So now (post 30 September 2009) you can't buy sodium chlorate weedkiller, ostensibly as the result of a Brussels directive
So now (post 30 September 2009) you can’t buy sodium chlorate weedkiller, ostensibly as the result of a Brussels directive. Apparently it is too toxic. Or is it that it can be used as an oxidant in terrorism? (But I understand the commercial product contains fire suppressants, and in any case I can still buy sodium nitrate.)
So the net result is that when you go to the local garden centre or the like, the only product you can find is the much more expensive Product X produced by Manufacturer Y (both of which must be nameless because of the libel laws). But then I see (in the small print) on the Product Y container that it has to be kept away from pets and children and food - otherwise it is obviously quite safe.
Isn’t this situation anti-competitive, an aspect that Brussels also concerns itself mightily with?
And in any case, sodium chlorate weedkiller is supplied as the solid, where Product X or the like would be queried if it were also so supplied.
Perhaps the solution (literally) is to supply sodium chlorate weedkiller only as a solution below a certain concentration, as is the case with some pharmaceuticals/medicines.
It looks as if there is no-one in Brussels to look after the orphan chemicals like sodium chlorate weedkiller, but plenty of manufacturers lobbying on behalf of Product X and the like.
What is going to happen when weeds become resistant to Product X and there’s nothing left like sodium chlorate weedkiller to use?
What is the RSC, or the other European chemical societies, doing in Brussels, to prevent this kind of ’chemical correctness’?
P Molyneux CChem FRSC
Steven Lipworth, RSC Environment, Health and Safety Committee, replies:
The RSC takes an active role in informing and influencing UK and European chemicals control legislation by responding to official consultations, membership of the UK Chemical Stakeholder Forum and EU expert working groups, and direct approaches to members of parliament, MEPs and senior UK and EU government officials. Our main objective, in this regard, is to ensure that regulations pertaining to the control of chemicals are scientifically sound, risk-based, proportionate, workable and sustainable.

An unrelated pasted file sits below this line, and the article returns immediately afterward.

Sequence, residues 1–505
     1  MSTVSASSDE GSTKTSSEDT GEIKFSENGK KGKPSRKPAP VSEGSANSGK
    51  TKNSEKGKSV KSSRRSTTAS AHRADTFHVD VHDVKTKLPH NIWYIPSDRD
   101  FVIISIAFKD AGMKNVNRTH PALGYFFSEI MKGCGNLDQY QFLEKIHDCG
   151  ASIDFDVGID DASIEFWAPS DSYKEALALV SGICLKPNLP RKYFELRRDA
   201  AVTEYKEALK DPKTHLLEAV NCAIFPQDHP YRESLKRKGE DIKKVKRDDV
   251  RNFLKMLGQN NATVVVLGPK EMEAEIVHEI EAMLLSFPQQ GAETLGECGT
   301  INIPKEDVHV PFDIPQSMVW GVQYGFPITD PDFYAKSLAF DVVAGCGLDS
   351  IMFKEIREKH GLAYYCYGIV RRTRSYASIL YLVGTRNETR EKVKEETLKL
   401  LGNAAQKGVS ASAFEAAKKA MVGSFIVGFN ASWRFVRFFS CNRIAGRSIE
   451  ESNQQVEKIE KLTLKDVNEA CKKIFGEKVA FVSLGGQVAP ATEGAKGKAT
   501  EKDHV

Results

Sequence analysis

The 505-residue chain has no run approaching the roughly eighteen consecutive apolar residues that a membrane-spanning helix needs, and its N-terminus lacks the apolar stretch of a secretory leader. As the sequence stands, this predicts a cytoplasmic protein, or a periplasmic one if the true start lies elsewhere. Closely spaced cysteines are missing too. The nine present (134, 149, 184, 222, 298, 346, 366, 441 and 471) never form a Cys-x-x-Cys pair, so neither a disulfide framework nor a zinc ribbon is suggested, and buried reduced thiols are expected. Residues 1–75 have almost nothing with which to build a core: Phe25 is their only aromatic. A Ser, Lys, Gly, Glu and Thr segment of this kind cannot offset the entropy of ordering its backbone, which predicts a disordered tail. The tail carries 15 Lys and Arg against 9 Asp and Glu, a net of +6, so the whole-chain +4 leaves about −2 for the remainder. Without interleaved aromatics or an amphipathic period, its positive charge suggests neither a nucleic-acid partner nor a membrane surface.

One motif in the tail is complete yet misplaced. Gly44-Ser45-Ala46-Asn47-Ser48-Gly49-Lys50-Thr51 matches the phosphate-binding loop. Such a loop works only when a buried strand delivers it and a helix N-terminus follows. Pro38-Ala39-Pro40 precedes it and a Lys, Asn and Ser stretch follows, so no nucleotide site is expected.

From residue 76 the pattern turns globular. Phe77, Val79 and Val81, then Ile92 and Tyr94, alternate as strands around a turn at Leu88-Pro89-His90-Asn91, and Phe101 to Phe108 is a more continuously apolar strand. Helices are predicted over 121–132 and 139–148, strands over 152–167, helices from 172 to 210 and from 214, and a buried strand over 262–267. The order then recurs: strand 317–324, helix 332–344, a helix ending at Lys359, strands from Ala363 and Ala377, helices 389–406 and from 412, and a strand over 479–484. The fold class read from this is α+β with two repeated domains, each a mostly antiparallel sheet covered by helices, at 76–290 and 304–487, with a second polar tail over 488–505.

Please find the RSC Response to the proposal to revise Pesticides Directive 91/414/EEC (5 October 2008) on the Policy reports and responses section of the RSC website
I was interested to read of the coating being applied to car bodies to make them reflective towards infrared (Chemistry World, November 2009, p17).
There is another application to which such technology can be applied: hydrocarbon storage vessels. Such a vessel, if exposed to solar flux, will absorb some of it and heating of the contents will result. Sometimes white paint has been used to minimise this difficulty. This will only be effective if, almost paradoxically, the white paint makes the vessel a grey body in the sense of that term in thermal radiation - that is, if the painted surface has the same emissivity towards all wavelengths of radiation it receives.
Returning to cars, in the days of more basic cars such as Morris Minors and Ford Cortinas, it was believed that white paint made for comfort, and white was for that reason a popular colour for those models in Australia.
Unless the paint is reflective not only in the visible but at wavelengths on the high and on the low side of visible it will not keep a car cool. That is why the coatings described in the Chemistry World article, which provide reflection of infrared in particular, would be expected to be more effective than the naive use of white paint which once prevailed.
J C Jones FRSC
Your article on lab glassblowers (Chemistry World, August 2009, p46) followed in a later issue by a photo of Lord Jack Lewis brought back a significant memory for me. I was an organic research student at Nottingham in the early 1950s. One day I pulled out a drawer of stillheads, adaptors, separating funnels etc too far and the whole lot fell to the floor with an almighty crash. In a very short time some inorganic chemists from along the corridor appeared thinking that there had been an explosion.
Among them was Lewis who said: ’Give me the bits and I’ll repair what I can’. He did a magnificent job and the repaired items served me well for the rest of my stay.
As an impecunious student I was very pleased not to need to withdraw extra items from the stores against my lab deposit.
Many thanks to Lord Lewis.
K Mason CChem FRSC
Derek Bailey raised the matter of oxygen depletion as part of the ongoing debate concerning the increase of CO2 in the atmosphere (Chemistry World, August 2009, p36).
The replies in the September issue’s letters pages (p38) suggest that the problem is not significant if estimates of long-term reductions of 0.1 to 0.2 per cent are correct.
However, the combustion process also irreversibly produces H2O which (based on CH4) could double the estimate. The weight of H2O produced (based on -CH2-) could be nearly half that of the CO2.
These crude estimates, together with irreversible industrial nitrogen fixation (for which Kira Weissman predicts dangerous potential consequences: Chemistry World, October 2009, p46) do seem to suggest the need to monitor - and publish - the overall atmospheric composition rather than concentrate on the inevitable increase in CO2.
At its simplest, the major atmospheric components, oxygen and nitrogen, are both decreasing in their individual cycles but their fall in percentage composition is significantly exaggerated by the increase in minor components (CO2, H2O, CH4 etc).
G Booth CChem FRSC
I had the pleasure of accompanying my grand-daughter, who is studying A-level chemistry, to the RSC’s ’Meet the Universities’ event and was very impressed by the support being given by RSC ChemNet. But, how is an average GCSE student interested in chemistry catered for today and does the RSC exercise any similar support role?